|Número de publicación||US7199530 B2|
|Tipo de publicación||Concesión|
|Número de solicitud||US 11/065,919|
|Fecha de publicación||3 Abr 2007|
|Fecha de presentación||25 Feb 2005|
|Fecha de prioridad||31 May 2003|
|También publicado como||US7042170, US7307389, US20040239263, US20050200314, US20060082325|
|Número de publicación||065919, 11065919, US 7199530 B2, US 7199530B2, US-B2-7199530, US7199530 B2, US7199530B2|
|Inventores||Usman Vakil, Chingez Tarar|
|Cesionario original||Lights Of America, Inc.|
|Exportar cita||BiBTeX, EndNote, RefMan|
|Citas de patentes (9), Citada por (17), Clasificaciones (14), Eventos legales (5)|
|Enlaces externos: USPTO, Cesión de USPTO, Espacenet|
This application is a divisional of application Ser. No. 10/680,792 filed Oct. 7, 2003, U.S. Pat. No. 7,042,170 which in turn claims the benefit of prior filed U.S. Provisional Application Ser. No. 60/474,901 filed May 31, 2003. The entirety of each of which are incorporated herein by reference.
1. Field of the Invention
Embodiments of the invention relate to ballast circuits for powering gas discharge lamps such as fluorescent lamps.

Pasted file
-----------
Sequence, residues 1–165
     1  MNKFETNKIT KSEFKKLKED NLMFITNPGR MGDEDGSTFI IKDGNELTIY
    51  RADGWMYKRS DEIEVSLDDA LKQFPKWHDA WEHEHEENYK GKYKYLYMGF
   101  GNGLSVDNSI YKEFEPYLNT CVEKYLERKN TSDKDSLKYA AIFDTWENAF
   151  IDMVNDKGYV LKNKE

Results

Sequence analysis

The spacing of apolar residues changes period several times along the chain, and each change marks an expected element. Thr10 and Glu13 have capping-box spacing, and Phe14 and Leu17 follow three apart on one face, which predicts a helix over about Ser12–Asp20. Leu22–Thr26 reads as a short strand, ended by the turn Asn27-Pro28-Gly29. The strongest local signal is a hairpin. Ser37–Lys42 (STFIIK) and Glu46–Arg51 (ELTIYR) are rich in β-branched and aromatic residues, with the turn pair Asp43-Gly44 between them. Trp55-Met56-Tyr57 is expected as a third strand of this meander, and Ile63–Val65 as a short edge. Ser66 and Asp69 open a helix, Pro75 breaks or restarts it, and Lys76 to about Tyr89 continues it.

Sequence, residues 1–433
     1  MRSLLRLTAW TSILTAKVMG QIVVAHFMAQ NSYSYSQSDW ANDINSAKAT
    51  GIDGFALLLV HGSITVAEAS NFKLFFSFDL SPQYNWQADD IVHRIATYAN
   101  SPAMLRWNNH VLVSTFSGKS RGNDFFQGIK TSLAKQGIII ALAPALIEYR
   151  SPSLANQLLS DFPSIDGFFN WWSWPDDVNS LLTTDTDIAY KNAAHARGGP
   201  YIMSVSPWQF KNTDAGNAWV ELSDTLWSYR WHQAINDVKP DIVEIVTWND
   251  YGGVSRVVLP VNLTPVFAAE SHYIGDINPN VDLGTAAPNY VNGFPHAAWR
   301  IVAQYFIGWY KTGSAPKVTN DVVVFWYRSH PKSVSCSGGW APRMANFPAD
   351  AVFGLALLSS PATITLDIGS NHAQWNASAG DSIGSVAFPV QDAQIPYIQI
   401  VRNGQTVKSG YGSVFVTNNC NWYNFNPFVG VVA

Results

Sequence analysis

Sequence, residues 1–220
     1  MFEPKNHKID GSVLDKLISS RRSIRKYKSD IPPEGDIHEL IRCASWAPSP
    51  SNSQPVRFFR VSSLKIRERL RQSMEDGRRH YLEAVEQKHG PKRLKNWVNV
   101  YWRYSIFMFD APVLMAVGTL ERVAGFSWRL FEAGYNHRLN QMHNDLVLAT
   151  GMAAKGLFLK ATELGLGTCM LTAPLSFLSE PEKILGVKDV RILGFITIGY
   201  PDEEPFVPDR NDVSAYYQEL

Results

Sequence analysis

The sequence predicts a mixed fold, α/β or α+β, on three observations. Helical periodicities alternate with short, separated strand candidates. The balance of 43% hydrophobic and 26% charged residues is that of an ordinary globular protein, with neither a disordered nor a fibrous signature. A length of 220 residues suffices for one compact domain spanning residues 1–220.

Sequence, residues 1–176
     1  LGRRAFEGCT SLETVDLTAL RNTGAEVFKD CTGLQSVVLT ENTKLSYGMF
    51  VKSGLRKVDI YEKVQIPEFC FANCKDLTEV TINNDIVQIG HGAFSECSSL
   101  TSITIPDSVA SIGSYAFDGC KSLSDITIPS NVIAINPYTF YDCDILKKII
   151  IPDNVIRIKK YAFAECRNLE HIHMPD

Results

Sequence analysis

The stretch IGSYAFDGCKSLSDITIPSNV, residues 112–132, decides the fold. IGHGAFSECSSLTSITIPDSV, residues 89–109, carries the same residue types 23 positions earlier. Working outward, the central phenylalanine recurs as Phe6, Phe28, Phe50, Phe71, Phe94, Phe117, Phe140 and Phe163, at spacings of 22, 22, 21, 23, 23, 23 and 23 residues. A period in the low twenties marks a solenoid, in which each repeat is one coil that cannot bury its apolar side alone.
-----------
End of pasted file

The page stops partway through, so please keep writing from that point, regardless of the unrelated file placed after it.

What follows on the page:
2. Related Technology
Gas discharge lamps such as fluorescent lamps are driven by alternating current (AC) drive signals. The circuits used to produce the drive signals are typically referred to as ballasts. Conventional ballasts are typically analog resonators that convert a DC voltage to an AC voltage having an appropriate frequency for driving a lamp.
An example of a “two-wire” type analog dimming ballast is provided in
Recent development efforts in fluorescent lighting have focused on reducing the size of ballasts so that, for example, a ballast and a fluorescent tube may be combined in a package that is compatible with conventional incandescent light sockets and fixtures. For such packaging, it is desirable that the size, weight and power consumption of ballasts are reduced as much as possible. Analog ballasts of the type shown in
Embodiments of the invention pertain to a ballast that uses a microcontroller to provide various control functionalities, including dimming.
In accordance with one preferred embodiment of the invention, a ballast for a gas discharge lamp includes a microcontroller that provides a pulse width modulated signal that controls the frequency of drive current supplied by a switching section to a lamp. The pulse width modulated signal is provided to a signal conditioner that produces a generating lamp current control signal having a voltage corresponding to a pulse width of a pulse width modulated signal. The lamp current control signal is provided to voltage controlled oscillator (VCO) control logic that also receives a lamp current feedback signal and generates a VCO control signal in response to the lamp current control signal and the lamp current feedback signal. The VCO control signal is received by a VCO that produces switching signals having frequencies corresponding to the voltage of the VCO control signal. The switching control signals are received by a switching section that generates an AC drive current having a frequency controlled by the switching signals.